Say hello to my new neighbors:
I just finished my first full day with a new family that lives a little (or so I was told-- it's more like 40 minutes by bus) outside Liège. My first family was having some difficulty adjusting to having me instead of their son who is now in China, and thought I might have a better stay with someone else, so here I am!
My new family lives in a big house on the outskirts of a town called Othée. My host dad (Alan) has an electric company which my host mom (Sophie) works for as well. They have a seven-year-old adopted son named Constantin who is much cooler than me. After one day, we seem to be getting along quite well, and I think I improved my standing with Constantin by "fencing" with him. (Except that he actually does fencing. Woah.) I'm settling in pretty well here, though it was quite the shock to my system to discover that the bus to Liège leaves at 7:04 (let me just say again, 7:04. That's earlier than I woke up at the other house.) and that the bus stop is about a 10 minute walk from the house (that's as long as it took me to walk to school). I hit snooze on my alarm a few too many times this morning, but eventually dragged myself out of bed around 6:30 to quickly eat and get dressed before heading to school.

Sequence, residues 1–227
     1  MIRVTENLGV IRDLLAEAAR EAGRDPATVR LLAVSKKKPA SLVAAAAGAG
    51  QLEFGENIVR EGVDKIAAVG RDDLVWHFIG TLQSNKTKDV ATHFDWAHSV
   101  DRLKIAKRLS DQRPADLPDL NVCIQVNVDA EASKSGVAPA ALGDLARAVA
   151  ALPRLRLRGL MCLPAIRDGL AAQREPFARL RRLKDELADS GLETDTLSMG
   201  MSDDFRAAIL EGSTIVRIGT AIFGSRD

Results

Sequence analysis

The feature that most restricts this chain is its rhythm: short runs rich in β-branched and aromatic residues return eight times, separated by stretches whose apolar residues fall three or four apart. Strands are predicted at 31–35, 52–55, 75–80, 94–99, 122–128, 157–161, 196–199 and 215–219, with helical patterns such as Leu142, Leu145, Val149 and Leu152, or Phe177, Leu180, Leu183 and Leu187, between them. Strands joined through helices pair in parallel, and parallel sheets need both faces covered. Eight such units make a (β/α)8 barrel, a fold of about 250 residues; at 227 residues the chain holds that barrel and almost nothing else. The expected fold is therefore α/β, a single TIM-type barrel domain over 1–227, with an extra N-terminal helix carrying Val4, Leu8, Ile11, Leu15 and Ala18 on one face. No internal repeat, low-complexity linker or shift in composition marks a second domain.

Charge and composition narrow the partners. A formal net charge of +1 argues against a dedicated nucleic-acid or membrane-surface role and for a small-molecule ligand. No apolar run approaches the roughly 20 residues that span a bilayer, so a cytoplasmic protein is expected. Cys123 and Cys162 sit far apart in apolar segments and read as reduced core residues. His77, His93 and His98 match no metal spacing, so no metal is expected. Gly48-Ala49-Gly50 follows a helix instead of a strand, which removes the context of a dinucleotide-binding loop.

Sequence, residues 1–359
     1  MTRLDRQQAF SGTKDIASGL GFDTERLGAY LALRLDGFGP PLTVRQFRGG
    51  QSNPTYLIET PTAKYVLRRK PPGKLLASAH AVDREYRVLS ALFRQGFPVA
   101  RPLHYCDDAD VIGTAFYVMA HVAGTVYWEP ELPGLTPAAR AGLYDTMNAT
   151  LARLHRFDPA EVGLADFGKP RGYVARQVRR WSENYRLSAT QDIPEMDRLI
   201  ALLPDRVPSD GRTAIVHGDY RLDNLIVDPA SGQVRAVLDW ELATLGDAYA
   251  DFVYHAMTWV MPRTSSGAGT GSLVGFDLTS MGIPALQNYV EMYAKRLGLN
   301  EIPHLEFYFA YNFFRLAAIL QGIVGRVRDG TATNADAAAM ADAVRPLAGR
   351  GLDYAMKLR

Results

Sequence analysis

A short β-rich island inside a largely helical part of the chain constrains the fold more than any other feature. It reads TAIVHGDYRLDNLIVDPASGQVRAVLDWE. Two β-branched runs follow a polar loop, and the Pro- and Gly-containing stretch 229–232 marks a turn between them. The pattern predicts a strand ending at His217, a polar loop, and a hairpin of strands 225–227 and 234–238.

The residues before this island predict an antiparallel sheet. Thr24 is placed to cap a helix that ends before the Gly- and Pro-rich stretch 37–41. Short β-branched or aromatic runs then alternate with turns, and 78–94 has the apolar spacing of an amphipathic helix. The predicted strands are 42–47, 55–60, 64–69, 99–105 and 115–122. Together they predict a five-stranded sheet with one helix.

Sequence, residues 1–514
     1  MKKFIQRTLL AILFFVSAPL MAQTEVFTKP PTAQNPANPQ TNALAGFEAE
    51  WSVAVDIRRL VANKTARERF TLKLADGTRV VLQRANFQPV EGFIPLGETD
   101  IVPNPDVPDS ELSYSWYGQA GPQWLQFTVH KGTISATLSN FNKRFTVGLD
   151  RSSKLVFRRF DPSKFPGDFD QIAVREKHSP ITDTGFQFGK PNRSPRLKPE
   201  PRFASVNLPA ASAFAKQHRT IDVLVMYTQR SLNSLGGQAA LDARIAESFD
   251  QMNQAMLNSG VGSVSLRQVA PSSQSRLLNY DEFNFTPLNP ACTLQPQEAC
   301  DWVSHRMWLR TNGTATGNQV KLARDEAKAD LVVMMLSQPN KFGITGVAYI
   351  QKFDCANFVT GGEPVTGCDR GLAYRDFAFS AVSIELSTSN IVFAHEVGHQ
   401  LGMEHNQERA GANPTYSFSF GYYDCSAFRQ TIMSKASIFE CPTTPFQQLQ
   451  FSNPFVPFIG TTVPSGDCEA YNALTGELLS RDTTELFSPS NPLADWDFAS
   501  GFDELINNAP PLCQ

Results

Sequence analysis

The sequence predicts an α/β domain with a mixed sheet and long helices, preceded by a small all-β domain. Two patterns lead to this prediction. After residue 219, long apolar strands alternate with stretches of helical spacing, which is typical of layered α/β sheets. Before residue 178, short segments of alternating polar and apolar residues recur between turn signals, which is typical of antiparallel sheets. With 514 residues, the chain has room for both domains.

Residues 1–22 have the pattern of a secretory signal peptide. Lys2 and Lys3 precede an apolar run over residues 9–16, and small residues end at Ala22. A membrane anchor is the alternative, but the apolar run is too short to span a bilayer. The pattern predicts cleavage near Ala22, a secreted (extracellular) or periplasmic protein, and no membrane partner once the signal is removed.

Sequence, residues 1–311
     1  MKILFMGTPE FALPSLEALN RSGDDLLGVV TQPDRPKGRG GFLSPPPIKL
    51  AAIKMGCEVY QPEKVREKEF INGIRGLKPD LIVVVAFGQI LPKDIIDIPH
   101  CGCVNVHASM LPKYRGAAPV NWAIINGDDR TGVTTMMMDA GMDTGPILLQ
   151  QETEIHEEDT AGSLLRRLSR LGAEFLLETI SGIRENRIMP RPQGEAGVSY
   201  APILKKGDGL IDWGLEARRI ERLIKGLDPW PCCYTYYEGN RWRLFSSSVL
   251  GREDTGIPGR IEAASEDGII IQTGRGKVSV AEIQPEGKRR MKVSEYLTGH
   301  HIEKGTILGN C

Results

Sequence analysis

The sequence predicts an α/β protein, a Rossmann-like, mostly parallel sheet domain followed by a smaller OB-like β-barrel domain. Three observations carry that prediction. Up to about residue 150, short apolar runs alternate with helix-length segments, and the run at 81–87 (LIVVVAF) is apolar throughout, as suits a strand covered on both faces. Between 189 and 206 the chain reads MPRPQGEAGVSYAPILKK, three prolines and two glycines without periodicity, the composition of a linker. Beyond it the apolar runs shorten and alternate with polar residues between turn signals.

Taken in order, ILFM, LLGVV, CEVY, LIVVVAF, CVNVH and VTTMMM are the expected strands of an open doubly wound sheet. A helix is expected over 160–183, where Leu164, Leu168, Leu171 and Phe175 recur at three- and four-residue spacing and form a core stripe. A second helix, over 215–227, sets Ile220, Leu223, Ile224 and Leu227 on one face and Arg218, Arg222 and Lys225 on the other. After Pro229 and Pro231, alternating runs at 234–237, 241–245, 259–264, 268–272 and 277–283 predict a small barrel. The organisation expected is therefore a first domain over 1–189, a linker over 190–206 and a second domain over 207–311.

I was a bit too tired in a lot of my classes, and nearly fell asleep during physics when the prof dimmed the lights to show us a video demonstration of conservation of energy. However, this must be common of exchange students, because when the lights came on, the two Rotary boys in my class were both sprawled across the benches fast asleep.
I got home around 3 despite finishing at 12:30 (I missed the 1:05 bus home so had to wait until 2:05), had a very delayed lunch, had my new host parents sign my quizzes-- ah yes, I also learned today that when the profs here hand back your quiz, you have to get it signed by your parents and bring it back to them-- and went for a run. It was a lot of farm scenery; tractors, cows, the occasional car (what I had thought were just pedestrian roads are apparently for driving, too, despite being about 5 feet wide), and even this bar:
which just goes to show, the countryside can be a pretty happening place. (But in all seriousness, the town is pretty nice, and there actually are a couple small businesses.)
Well that's all the big news from here. À la prochaine!